A third ethical question concerning the Web has to do with how much of your reporting you should make available to your audience. Because space on the Web is virtually unlimited, and access to information is easy and free, or at least cheap, journalists are increasingly linking audiences to the source material they used for their story. Sometimes this includes transcripts or video of an entire interview. Traditionally in journalism, the story was expected to speak for itself. Audiences were not privy to most of the material reporters used in making the story, or that revealed the way reporters and editors decided what would be in the story and what would not. There were good reasons for that, reasons that lately are being reinforced every day. Journalists worried that sharing too much information would not only confuse audiences; it would give police, prosecutors and other government officials and agencies the idea that journalists were an investigative resource to be relied on rather than a monitor of the power of the investigators.

           Still, the danger that audiences and government would begin to see journalists as part of the groups they should be monitoring must be weighed against the potential value of making available to audiences much more information than we ever could before. At some point, journalists must rely on faith that audiences will make wise use of the resources we are now able to provide them.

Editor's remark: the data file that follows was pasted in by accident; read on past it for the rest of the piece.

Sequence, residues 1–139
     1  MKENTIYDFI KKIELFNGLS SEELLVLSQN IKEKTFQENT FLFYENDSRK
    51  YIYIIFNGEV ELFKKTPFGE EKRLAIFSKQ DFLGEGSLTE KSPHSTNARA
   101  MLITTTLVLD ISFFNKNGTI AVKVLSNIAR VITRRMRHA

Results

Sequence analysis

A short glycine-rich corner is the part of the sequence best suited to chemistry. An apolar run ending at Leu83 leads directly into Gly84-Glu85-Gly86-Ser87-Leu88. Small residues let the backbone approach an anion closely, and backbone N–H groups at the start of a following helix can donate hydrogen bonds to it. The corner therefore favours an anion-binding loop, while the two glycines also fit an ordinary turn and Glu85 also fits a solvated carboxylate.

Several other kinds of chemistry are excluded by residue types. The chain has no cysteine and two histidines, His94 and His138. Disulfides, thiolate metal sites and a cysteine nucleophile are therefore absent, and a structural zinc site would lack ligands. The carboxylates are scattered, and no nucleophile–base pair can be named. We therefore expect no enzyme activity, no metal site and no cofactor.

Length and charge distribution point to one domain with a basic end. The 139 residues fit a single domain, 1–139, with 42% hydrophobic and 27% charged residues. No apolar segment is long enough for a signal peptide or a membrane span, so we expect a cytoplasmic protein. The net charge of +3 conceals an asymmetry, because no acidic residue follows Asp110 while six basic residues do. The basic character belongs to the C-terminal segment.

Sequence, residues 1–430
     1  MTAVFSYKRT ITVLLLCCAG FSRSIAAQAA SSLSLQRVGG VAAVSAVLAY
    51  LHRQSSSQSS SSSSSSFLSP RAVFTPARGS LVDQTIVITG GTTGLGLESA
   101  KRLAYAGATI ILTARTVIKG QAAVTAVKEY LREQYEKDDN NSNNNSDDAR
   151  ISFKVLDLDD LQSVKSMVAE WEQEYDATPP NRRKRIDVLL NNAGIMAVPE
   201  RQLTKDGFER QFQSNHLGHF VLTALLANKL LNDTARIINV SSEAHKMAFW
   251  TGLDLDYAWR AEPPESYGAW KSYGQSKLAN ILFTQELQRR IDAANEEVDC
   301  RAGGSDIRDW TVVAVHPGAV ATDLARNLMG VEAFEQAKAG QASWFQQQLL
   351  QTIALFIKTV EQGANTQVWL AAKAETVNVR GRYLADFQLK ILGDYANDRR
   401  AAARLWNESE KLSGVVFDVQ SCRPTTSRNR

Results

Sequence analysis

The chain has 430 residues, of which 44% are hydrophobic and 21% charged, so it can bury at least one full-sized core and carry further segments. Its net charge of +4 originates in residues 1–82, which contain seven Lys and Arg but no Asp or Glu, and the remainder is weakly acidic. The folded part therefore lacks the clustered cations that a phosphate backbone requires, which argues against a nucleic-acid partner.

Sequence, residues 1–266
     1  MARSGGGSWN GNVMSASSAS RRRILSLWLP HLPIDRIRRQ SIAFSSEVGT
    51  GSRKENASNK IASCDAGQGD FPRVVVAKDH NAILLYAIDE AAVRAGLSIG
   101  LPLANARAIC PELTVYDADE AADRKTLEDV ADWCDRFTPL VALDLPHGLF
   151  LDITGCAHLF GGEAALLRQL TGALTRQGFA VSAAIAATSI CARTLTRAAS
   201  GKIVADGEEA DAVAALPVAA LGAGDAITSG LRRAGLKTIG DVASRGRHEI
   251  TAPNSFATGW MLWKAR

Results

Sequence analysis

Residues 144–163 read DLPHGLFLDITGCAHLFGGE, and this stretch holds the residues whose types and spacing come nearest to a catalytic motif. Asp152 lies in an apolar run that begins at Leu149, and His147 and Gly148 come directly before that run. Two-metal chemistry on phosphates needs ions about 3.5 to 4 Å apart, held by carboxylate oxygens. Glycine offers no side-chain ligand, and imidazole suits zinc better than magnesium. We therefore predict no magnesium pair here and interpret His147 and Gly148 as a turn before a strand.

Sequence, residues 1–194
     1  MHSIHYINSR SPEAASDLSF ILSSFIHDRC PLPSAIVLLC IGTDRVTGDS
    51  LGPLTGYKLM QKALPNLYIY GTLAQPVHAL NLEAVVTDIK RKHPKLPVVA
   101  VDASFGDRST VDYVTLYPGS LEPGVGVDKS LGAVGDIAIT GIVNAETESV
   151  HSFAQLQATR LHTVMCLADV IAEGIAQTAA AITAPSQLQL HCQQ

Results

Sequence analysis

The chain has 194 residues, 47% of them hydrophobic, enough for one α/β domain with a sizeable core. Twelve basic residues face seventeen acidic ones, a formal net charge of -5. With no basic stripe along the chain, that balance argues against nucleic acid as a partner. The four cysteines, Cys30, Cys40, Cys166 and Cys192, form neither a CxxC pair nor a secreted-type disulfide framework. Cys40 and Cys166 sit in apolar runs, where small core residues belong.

The fourth question about reporting for Web audiences involves when – that is, after how much verification — we should report information. I find it difficult to argue for any standard other than that which applies for so-called legacy news media – print and broadcast. We should not publish information until we know it is accurate or has been verified by reliable sources. We should present facts in context, and fairly, after giving those involved an opportunity to be represented in our story.

           The argument that by allowing instant updates the Web permits a different standard is shaky. We have no idea how many in our audience will see the later correction of an initial fact error or the contextualizing of an earlier statement that was presented without context, or in the wrong context. And the potential worldwide reach of the Web means that those initial errors, inaccuracies or lack of context can be even more damaging than printed or broadcast transgressions. It is important to acknowledge the increased competition inherent in instant-update and instant-access media, and the resulting pressure to publish immediately.  But competition is a reality of the market – a temptation, if you will — not an appropriate defense for unethical behavior.




Box 4.2 Strategies for Writing Web Blurbs

1. As always, think clearly and carefully about impact, elements and words.

2. Keep your Web blurbs to one or two sentences.

3. Keep your sentences to no more than 20 words.

4. For now, don’t worry about writing a third sentence. That could cause your focus in the first two to become fuzzy.

5. Remember that your Web blurb will stand alone on a separate page from the rest of the story.

6. Read each blurb aloud. Remember, if it doesn’t sound right, it isn’t.

7. Verify names, addresses, jobs and other information by using your City Directory.

8. Use search engine optimization. Read your blurb for keywords and phrases that will prompt Web search engines to push your story to the top of the list. 





           1. As always, think clearly and carefully about impact, elements and words.

           2. Keep your Web blurbs to one or two sentences.

           3. Keep your sentences to 20 words, no more. (Again, little words count, including a, an, and the.)

           4. For now, don’t worry about writing a third sentence. That could cause your focus in the first two to become fuzzy.